However, even these solutions still require a classification to determine if a threat is really friend or foe. This takes time (that enterprises can ill afford) so what about the truly nasty stuff that aggressively attacks networks quickly and ruthlessly? For this, security platforms need to take a paranoid stance and start to look at pure network activity patterns, base lining every user, server, switch and light bulb to learn what ‘normal’ is, and proactively monitor for any traffic that stands out as abnormal. Once a threatening activity is detected the threat can be isolated from the network and administrators can investigate if the threat is genuine.

Taking this one step further, teaming these User Behavior Analytics (UBA) systems with a software-defined networking solution will allow for the system to move threats instantly to an isolated network location where some productivity can continue without access to the rest of the network, helping to lower the impact of false positives.

Creating these layers of intelligence – from basic malware and antivirus protection through to UBA – is the only way to confront an ever-increasingly complex and innovative threat landscape and develop a robust threat mitigation solution. Here are some examples of how this can work in reality:

Firewalls, Malware Protection and Intrusion Systems

Older versions of browsers can pose a particular hazard because they represent the first line of defense against malicious websites. However, there are various tools available that can whitelist good sites and block bad ones. Users can download anti-virus software that removes malicious software from their systems, use ad blocking software to avoid downloading malware contained in ads and implement specific internet browsers, which can alert them to malvertising campaigns. You don’t just want firewalls in place; you need malware protection and intrusion protection systems as well.

Patching, Data Protection and Recovery Processes

Protecting against ransomware isn’t only possible; it’s potentially easier than other strains of malware. Preventing vulnerabilities from being exploited is an essential way to prevent attacks from being successful, so it’s key to speed up the patching and remediation process. While at the same time putting better data protection and backup and recovery approaches in place not only prevents issues from affecting everyday activity, it can also make the clean-up process much easier.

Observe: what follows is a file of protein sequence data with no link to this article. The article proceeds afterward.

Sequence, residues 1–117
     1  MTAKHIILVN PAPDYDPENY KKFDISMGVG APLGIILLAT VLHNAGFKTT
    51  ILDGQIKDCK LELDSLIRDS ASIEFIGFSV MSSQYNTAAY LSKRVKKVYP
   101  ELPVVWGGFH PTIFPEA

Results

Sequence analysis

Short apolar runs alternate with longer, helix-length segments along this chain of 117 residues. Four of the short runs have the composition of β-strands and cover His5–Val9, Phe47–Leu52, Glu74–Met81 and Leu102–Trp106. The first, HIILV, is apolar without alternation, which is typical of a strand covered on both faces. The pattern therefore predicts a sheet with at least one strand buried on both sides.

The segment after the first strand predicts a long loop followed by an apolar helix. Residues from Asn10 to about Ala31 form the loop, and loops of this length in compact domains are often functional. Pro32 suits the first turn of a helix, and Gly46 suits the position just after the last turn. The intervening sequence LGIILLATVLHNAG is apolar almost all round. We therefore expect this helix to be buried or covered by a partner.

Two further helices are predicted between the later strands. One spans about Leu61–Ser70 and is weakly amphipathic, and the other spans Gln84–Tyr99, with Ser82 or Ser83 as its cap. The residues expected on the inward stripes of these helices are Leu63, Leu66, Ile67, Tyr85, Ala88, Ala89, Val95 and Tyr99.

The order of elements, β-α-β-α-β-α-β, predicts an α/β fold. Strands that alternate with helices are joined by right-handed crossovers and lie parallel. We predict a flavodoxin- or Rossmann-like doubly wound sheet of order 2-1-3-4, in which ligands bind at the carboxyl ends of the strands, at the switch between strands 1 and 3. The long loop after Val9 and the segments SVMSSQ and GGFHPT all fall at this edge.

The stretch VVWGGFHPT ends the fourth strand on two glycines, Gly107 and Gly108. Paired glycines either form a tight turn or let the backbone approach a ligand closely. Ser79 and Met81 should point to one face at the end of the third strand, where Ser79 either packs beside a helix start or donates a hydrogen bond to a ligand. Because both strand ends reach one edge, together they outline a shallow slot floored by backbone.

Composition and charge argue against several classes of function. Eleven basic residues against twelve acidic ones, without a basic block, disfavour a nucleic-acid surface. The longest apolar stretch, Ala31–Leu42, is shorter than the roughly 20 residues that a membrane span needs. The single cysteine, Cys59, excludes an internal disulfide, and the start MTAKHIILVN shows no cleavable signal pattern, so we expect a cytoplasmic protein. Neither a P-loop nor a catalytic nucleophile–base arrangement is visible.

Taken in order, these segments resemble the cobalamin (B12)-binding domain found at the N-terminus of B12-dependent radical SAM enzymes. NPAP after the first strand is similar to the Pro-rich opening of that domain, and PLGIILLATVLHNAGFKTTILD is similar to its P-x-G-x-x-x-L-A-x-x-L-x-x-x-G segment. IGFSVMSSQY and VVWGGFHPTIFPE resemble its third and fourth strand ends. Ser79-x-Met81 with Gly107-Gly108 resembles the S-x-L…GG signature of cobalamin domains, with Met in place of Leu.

Vulnerability Management and Security Education

Preventing vulnerabilities is also key to protecting from social engineering attacks – but no single software tool will protect everyone all the time, so again building security in layers is important. These layers can include new technology to quarantine suspected spam and phishing emails, and regular patching and updates to ensure software is as secure as it can be – as well as education and training for staff.

Risk Modelling Technology

Finally, another additional measure is to introduce risk modelling technology: a security discipline that takes an exact model of your network – good and bad– and puts it under constant pressure to help find vulnerable attacks as fast as possible.

It’s all about staying on top of the increasingly numerous, varied and sophisticated threats, and making sure your systems are equipped to prevent, respond to and recover from those attacks. Businesses need to be constantly questioning themselves in every way possible – and this is where software makes it easy to build solutions that incorporate interoperable technologies designed for today’s needs, with an eye on tomorrow’s, to help create a unified security platform.

What’s Hot on Infosecurity Magazine?